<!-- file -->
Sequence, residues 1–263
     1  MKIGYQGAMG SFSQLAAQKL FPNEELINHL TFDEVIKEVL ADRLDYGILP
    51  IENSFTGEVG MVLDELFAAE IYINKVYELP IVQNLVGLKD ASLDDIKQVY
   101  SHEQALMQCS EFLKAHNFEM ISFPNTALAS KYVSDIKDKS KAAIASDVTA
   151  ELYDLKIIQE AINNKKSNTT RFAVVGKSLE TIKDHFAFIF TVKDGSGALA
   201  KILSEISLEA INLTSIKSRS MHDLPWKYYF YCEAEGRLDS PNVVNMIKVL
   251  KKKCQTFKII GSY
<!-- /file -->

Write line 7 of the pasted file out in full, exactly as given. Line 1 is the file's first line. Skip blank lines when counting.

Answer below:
   251  KKKCQTFKII GSY